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Man appeals Mid-Missouri robbery conviction

A man found guilty of robbing a Mid-Missouri bank is waiting for the Missouri Supreme Court to rule on his appeal Tuesday.

In 2013, Gary Coleman was arrested in Texas for the 2012 robbery of Bank Star One in New Bloomfield.

Coleman is currently serving a ten year prison sentence, but is appealing, claiming there isn’t sufficient evidence.

Missouri law defines robbery in the second degree as forcibly stealing property.

The law states forcibly means threatening the immediate use of physical force against another person.

Tuesday, Coleman’s lawyer said there was no immediate threat.

“The description of both the teller and another employee at the band described Mr. Coleman’s demeanor as calm and polite. He never raised his voice. He was not loud. He asked the teller to do him a favor and put the money in a bag that he handed her,” said Coleman’s lawyer Amy Bartholow.

During the incident, the Bank Star One teller put about $1,500 from her drawer into the bag and handed it to Coleman.

When the manager came over, Coleman told her to stop where she was and left the bank.

Bartholow said the Western District ruled the surveillance video showed none of Coleman’s actions inside the bank were threatening.

“In any other context, this action would be a stealing. The fact that she was afraid isn’t enough to establish that sort of a threat,” said Bartholow.

In trial court, the teller said she gave Coleman the money because she was afraid.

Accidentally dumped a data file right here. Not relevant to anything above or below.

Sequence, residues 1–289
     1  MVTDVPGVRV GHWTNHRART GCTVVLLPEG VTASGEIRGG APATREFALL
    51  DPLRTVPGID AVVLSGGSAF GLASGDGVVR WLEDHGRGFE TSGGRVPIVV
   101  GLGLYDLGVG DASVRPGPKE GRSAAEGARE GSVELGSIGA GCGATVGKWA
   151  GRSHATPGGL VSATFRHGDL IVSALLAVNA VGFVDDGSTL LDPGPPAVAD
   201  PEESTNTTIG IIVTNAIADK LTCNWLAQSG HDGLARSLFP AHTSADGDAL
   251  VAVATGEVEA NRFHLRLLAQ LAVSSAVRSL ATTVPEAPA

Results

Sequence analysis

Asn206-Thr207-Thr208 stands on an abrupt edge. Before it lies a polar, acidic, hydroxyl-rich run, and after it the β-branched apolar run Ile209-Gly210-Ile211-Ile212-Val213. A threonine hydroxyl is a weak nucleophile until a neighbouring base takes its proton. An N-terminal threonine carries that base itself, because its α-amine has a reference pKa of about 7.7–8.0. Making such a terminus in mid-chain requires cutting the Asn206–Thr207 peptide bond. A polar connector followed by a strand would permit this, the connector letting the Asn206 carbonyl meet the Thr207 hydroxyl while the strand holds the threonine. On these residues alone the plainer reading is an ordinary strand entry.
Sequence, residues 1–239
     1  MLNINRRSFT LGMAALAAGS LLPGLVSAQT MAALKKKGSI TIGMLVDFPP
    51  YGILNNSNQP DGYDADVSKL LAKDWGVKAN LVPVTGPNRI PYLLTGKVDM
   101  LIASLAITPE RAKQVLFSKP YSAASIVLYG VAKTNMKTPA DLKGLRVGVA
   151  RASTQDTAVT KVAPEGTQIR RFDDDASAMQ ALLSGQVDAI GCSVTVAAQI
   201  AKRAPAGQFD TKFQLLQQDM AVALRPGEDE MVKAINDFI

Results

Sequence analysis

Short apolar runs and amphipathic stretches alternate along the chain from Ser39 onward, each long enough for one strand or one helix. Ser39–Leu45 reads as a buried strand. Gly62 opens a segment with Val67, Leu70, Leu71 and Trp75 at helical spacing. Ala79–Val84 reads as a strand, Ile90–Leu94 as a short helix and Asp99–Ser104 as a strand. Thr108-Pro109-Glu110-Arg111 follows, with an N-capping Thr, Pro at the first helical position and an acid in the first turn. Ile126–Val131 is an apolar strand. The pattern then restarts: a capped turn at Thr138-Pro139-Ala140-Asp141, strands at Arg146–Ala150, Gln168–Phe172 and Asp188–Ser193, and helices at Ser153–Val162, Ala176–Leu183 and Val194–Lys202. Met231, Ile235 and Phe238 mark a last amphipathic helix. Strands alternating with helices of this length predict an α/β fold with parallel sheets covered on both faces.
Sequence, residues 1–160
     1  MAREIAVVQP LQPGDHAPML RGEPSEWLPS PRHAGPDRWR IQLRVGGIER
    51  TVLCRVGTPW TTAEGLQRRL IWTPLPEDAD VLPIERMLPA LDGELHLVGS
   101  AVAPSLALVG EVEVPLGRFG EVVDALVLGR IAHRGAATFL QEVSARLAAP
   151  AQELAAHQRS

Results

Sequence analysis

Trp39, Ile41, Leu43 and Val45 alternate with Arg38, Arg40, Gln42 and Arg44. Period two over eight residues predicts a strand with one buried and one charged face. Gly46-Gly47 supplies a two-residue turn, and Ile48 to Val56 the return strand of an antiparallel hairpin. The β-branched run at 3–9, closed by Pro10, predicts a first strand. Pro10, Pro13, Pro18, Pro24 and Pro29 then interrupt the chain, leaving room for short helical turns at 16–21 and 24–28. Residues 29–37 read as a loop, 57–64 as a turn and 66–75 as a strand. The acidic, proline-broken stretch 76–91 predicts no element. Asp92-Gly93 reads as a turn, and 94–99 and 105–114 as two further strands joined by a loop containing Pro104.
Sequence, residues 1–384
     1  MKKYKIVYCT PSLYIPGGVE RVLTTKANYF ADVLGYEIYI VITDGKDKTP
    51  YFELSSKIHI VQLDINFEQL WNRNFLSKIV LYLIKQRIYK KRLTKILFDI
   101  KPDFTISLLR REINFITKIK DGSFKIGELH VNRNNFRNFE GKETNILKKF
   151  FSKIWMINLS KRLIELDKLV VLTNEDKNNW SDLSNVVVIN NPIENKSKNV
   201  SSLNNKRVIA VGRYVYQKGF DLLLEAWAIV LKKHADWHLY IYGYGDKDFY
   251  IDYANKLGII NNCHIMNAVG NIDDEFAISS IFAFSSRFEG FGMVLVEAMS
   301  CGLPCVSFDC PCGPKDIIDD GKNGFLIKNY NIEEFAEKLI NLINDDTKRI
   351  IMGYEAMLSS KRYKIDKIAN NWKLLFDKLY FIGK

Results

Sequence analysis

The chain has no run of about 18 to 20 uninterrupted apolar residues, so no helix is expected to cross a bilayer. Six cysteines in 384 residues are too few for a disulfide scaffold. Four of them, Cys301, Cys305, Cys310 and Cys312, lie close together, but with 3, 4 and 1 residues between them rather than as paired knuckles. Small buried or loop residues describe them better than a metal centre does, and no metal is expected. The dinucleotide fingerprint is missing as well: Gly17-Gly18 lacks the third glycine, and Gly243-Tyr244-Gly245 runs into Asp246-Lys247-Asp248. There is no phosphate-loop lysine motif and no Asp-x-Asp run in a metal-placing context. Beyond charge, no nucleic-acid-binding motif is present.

She said she didn’t see a weapon, but couldn’t see both of his hands.

The state prosecutor Tuesday said because it was in a bank, Coleman didn’t have to make direct threats to imply there was an immediate threat.

However, Missouri Supreme Court Justice Patricia Breckenridge didn’t agree.

“Simply because you know there’s the potential any time there’s a bank robbery that the robber could potentially use force, doesn’t mean it’s an immediate use of force,” said Breckenridge.

State Prosecutor Robert Bartholomew said an immediate threat is determined by what a “reasonable” person would consider a threat.

A few of the justices said that is too subjective and there needs to be a definite law about where to draw the line between robbery and stealing.

Missouri Supreme Court Justice Laura Stith said, “In both those cases, the people being stolen from are going to be very scared and intimidated.”

“Coming into a bank and taking money from a bank ought to be punished more than just stealing,” said Breckenridge.

The state Supreme Court now has to decide if Coleman’s conviction should remain as second degree robbery or if it should be amended to stealing.

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